41 Memoirs Everyone Should Read in 2024 Best Memoirs of All Time

Reconstructing her experiences using recordings from real therapy sessions, Stephanie Foo takes a highly journalistic approach to dissecting her CPTSD diagnosis in this vulnerable memoir. This collection of stories blends memoir and investigative reporting to expose ingrained and pervasive societal messages that deeply affect young women, giving listeners permission to break free from restrictive narratives. Author James McBride dives into his family history in this lyrical dedication to his mother and pensive consideration of coming-of-age as a mixed race, poor child in Red Hook, Brooklyn.

Shedding all fiction, this memoir openly discusses her painful past and her search for love and belonging. The author brilliantly illuminates the night of her assault, its aftermath, the tumultuous legal process, and the pursuit of healing. Sean Strub’s revelatory memoir captures an uncertain time in LGBTQIA+ history, when the AIDS epidemic swept the nation, and the nation wanted to sweep it under the rug. Through the art form of a one-woman show, Delanna Studi retells a resonant journey she took alongside her father—walking the hundreds of miles that comprised the Trail of Tears. Growing up under the wing of her Cuban-Colombian family, Daisy Hernández set out to forge her own identity as a queer woman and feminist activist.

Here are some of the best books related to drug and alcohol use disorders.

To vote on existing books from the list, beside each book there is a link vote for this book clicking it will add that book to your votes. In addition to authoring two books (her second comes out March 2023), McKowen hosts the Tell Me Something True podcast. If this book resonates with you, be sure to check out Grace’s podcast of the same name, This Naked Mind, where she and guests continue to dissect alcohol’s grasp on our lives and culture. It’s understandable to feel alone and like no one can relate to your addiction. Luckily, there’s a whole genre of books that prove you are not the only one who has battled addiction. Laurie spoon-feeds orphans in Ethiopia, performs 108 bows at a Buddhist mountain temple, walks shelter dogs in Peru, milks goats in Fuerteventura, and gets lost in Mexico, all the while navigating dating at midlife.

Savor the fruit of her effort—a gorgeous meditation on love, identity, and language. Years later, law student Alexandria Marzano-Lesnevich tries to understand the convicted murderer’s mind in order to make sense of a trauma from her own childhood. Undeniably powerful, this cutting account of life with schizoaffective disorder dispels misconceptions and provides nuanced insight into a condition long misunderstood. With emotional clarity and unimpeachable reporting, Krakauer’s frank eyewitness account of what happened amidst the deadliest season in the history of Everest is a singular achievement.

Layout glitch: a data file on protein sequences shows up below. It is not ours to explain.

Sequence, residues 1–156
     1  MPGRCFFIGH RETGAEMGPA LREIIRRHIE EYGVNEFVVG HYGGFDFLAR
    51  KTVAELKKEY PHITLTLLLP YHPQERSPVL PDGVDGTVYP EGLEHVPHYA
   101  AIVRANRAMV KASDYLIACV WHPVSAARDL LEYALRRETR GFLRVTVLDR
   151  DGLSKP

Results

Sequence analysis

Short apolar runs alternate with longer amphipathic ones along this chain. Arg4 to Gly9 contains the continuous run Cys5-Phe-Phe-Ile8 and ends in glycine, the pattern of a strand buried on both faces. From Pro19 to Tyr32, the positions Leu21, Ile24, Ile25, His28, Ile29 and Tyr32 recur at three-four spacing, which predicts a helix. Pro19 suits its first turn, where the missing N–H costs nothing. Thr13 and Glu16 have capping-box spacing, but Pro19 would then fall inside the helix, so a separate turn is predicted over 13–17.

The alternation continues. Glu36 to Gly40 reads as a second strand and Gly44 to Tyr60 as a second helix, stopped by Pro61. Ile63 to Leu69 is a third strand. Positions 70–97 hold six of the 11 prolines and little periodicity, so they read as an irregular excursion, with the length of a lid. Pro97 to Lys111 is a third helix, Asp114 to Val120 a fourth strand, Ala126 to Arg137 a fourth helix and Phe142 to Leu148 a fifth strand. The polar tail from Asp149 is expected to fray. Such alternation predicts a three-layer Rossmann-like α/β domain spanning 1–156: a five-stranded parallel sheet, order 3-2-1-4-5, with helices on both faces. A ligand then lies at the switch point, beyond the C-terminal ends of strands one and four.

“We Are the Luckiest: The Surprising Magic of a Sober Life”

Punch Me Up to the Gods is a beautifully written series of personal essays that describe Brian Broome’s experience growing up Black and queer in Ohio, and the effect early substance use had on his upbringing. In any other voice, Mary Karr’s stories of a chaotic, sometimes violent childhood may be too haunting to hear. But told with the author’s wicked sense of humor, they instead shimmer as a reclamation of trauma. I am not sure I’d be sober today if it weren’t for Tired of Thinking About Drinking. Belle’s consistent messaging on our faulty thinking led to a major mindset shift for me.

best alcoholic memoirs

All these books might have been published as memoir in a less stigmatising age. When I stopped drinking alcohol, I was desperate to know the stories of other people who’d also taken this road less traveled. During the most unsettling time of my life, I craved all the messy, tragic, complex, wonderful stories that could show me what was on the other side. Nobody in my real life could meet that need, so I turned—as I always do when I need comfort, encouragement, or inspiration—to books. The bestselling, award-winning illustrator of more than 100 books, Pinkney enlivens the pages of Just Jerry with artwork chronicling moments from his life.

We Are the Luckiest: The Surprising Magic of a Sober Life by Laura McKowen

I recently came to terms with my own problematic relationship with alcohol, and my one solace has been in books. I’ve dug into memoir after memoir, tiptoed into the hard science books, and enjoyed the fiction from afar. The following are a smattering of the books about alcoholism I’ve found meaningful. It’s a kind best alcoholic memoirs of love letter to the humorist’s late wife, who died in 2001, five years before the book was published. You can read this tender, good-humored portrait of their marriage in an hour, maybe two, but you won’t forget it anytime soon. If you love reading about love, you’ll adore the best romance novels of all time.

High Achiever offers hope and inspiration and a raw and page-turning read. But seriously, I hope at least one of these memoirs speaks to you. Beyond the camaraderie of knowing you’re not alone, these books offer practical guidance about the road to sobriety (or your road to changing your relationship with drugs and alcohol). Pooley walks us through a year of her life spent battling alcohol addiction and a recent breast cancer diagnosis, two battles — spoiler alert!

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Her mother had died, her marriage had ended and she was relying on drugs to get through her days. On the grounds that she had nothing to lose, she embarked on the perilous—and exhilarating—thousand-mile Pacific Crest Trail. The long hike, for which she was unprepared, ultimately transformed her life. It’s now considered among the most inspirational memoirs—and a someday classic—as well as the basis for a fantastic film.

best alcoholic memoirs